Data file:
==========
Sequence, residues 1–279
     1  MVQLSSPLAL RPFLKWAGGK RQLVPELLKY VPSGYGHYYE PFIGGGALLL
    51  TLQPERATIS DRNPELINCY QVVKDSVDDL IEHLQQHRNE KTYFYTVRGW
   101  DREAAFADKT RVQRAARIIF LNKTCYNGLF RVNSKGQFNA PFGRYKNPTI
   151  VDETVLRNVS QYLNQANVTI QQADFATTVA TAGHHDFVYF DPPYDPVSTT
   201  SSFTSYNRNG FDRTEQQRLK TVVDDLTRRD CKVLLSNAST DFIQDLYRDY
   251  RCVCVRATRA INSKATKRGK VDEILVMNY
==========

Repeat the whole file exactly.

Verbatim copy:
Sequence, residues 1–279
     1  MVQLSSPLAL RPFLKWAGGK RQLVPELLKY VPSGYGHYYE PFIGGGALLL
    51  TLQPERATIS DRNPELINCY QVVKDSVDDL IEHLQQHRNE KTYFYTVRGW
   101  DREAAFADKT RVQRAARIIF LNKTCYNGLF RVNSKGQFNA PFGRYKNPTI
   151  VDETVLRNVS QYLNQANVTI QQADFATTVA TAGHHDFVYF DPPYDPVSTT
   201  SSFTSYNRNG FDRTEQQRLK TVVDDLTRRD CKVLLSNAST DFIQDLYRDY
   251  RCVCVRATRA INSKATKRGK VDEILVMNY